Your rights contain some words that might be new to you, or you might want to understand more about them. Here you can find a list of key words and definitions that can help you understand your rights better. If there are words or terms that you want to know about, and you don’t see it in the list, you can reach out to your social worker or probation officer, your lawyer, or the foster care ombudsperson.

AB 12

Assembly Bill (AB) 12, also called Extended Foster Care, is the law that allows young people between the ages of 18 and 21 to stay in foster care and continue receiving services and support, including financial and housing assistance. Youth interested in AB 12/Extended Foster Care or returning to Extended Foster Care should call the DCFS Child Protection Hotline at 800-540-4000 or contact the California Foster Care Ombudsperson at (877)-846-1602.


Sometimes called a resource family or foster parent, a person who has been approved to provide a home for and take care of youth who are in foster care. Caregivers are responsible for making sure that youth are healthy, safe, and have what they need. STRTP staff are also caregivers.

Case Plan

A written document prepared by a social worker/probation officer that describes the care and services to be provided to a youth who has been placed in foster care. It must include: a description of the placement, a plan for providing the youth with safe and proper care, a plan for services that will be provided, along with a timeline, and other issues relating to health, safety, and well-being.

Chemical Substances

Chemical Substances are sometimes called medicine, psychotropic meds, or drugs. They include medicines that a doctor has given you or those that you can buy at a store. Illegal drugs are also called chemical substances.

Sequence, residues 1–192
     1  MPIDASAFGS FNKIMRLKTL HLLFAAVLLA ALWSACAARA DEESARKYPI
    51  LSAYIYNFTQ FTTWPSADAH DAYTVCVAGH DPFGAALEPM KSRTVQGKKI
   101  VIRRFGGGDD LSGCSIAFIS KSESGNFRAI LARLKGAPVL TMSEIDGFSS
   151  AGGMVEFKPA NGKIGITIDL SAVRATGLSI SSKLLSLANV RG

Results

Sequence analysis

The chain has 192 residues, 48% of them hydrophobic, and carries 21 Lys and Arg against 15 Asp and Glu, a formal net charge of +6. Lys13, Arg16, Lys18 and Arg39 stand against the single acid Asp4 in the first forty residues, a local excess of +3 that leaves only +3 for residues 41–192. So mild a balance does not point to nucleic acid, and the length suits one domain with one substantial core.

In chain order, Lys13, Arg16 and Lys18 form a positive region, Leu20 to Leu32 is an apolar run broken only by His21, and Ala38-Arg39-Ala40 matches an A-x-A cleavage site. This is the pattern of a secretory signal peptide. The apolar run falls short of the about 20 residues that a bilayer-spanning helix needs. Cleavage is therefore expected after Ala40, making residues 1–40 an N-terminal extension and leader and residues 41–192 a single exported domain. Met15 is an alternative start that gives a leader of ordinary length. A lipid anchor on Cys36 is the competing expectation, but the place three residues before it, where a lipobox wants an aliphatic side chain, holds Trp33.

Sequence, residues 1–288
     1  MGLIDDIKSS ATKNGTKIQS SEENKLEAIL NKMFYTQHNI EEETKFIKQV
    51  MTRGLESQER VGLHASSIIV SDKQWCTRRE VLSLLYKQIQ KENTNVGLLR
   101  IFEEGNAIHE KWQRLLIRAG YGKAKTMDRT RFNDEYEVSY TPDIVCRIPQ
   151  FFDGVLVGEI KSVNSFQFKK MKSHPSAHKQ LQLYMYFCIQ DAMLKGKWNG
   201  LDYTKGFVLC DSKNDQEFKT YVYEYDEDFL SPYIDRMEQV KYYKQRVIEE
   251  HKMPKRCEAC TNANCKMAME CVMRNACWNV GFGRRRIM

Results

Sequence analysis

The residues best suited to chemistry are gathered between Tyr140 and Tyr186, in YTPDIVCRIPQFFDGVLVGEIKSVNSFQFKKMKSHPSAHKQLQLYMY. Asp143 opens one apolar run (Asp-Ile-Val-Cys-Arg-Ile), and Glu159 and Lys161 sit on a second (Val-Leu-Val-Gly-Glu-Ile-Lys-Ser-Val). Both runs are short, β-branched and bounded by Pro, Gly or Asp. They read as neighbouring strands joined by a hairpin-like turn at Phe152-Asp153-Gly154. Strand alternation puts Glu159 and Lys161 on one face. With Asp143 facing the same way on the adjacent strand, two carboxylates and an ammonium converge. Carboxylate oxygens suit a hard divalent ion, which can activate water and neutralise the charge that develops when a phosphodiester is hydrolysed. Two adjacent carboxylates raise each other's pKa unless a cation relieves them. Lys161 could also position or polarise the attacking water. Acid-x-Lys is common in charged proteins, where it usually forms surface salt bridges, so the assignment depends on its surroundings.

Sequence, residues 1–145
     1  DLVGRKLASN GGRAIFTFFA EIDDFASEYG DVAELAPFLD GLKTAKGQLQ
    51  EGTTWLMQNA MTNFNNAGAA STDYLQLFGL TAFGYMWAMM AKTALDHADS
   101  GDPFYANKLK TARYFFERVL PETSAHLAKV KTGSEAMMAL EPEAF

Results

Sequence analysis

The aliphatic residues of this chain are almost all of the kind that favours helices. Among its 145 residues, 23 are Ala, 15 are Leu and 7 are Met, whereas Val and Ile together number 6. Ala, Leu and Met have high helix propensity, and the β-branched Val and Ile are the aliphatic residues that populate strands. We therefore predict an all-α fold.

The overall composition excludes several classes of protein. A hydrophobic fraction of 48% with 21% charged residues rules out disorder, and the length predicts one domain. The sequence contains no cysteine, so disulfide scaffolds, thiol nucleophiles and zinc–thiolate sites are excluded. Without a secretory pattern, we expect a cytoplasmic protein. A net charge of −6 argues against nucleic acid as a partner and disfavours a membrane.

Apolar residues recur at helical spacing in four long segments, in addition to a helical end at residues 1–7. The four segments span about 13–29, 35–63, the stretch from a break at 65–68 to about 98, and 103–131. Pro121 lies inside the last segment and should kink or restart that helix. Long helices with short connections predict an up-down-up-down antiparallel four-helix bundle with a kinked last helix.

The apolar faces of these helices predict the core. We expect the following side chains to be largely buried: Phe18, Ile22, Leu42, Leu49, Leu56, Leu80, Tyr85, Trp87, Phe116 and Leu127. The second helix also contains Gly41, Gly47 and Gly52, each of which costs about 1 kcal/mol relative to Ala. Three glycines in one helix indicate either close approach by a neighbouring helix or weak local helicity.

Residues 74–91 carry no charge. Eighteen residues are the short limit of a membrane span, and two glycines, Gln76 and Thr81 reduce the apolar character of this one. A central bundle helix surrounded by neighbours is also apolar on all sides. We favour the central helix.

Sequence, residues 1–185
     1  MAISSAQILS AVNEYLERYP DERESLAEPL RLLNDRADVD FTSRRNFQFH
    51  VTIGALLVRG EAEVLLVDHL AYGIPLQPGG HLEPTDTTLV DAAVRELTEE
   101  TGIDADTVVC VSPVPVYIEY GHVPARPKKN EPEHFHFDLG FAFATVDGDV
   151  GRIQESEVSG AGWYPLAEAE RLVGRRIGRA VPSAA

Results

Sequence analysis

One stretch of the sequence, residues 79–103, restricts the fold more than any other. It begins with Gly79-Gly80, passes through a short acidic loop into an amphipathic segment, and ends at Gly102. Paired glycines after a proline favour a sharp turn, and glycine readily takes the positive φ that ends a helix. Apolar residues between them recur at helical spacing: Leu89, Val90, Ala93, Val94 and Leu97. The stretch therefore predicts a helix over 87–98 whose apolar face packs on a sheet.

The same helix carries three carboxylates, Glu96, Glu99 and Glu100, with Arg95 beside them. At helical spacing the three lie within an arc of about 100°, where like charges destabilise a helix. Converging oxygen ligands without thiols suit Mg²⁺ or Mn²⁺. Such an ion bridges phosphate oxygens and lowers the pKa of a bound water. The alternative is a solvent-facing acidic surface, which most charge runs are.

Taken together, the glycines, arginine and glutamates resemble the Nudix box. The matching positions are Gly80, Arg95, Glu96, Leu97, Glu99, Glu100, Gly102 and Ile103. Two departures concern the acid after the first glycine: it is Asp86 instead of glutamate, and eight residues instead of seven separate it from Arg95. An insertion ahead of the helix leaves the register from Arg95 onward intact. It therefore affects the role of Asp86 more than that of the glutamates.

Child and Family Team (CFT)

A group of people, which may include extended family members and members of the youth’s community and/or tribe and other people identified by the youth, who come together to talk and make decisions about case planning and placement that will best support success of the family, and positive outcome for the youth’s safety, permanence, and well-being.

Child Welfare System

The group of government agencies and juvenile courts that (1) take and investigate reports of possible child abuse and neglect; (2) provide services to ensure safety and care of youth and to support their families; (3) arrange for youth to live with relatives, non-relative extended family members, or foster families when they are not safe at home; and (4) arrange for reunification, adoption, or other permanent connections for children leaving foster care. The Los Angeles County child welfare system also includes non-government agencies that provide services to youth and their families.

Community Care Licensing Division (CCL)

A state agency that gives licenses to people and facilities/organizations to provide homes and ongoing care to foster youth. CCL is responsible for investigating complaints about the care or conditions where foster children live.

Community Treatment Facilities (CTF)

A locked facility where youth live when they need specialized mental health services to keep them safe.


Options to prevent pregnancy and some sexually transmitted infections, such as condoms and birth control pills, patches, or shots.

Court Appointed Special Advocate (CASA)

Volunteers appointed by the judge to meet regularly with a youth who is in foster care and to advocate for their wishes and what is best for a youth.
A CASA can: (1) advocate or speak up for the youth, (2) investigate or look into problems that the youth is having, (4) report or speak to the judge for the youth, and (5) recommend or ask the judge to make orders that will help the youth.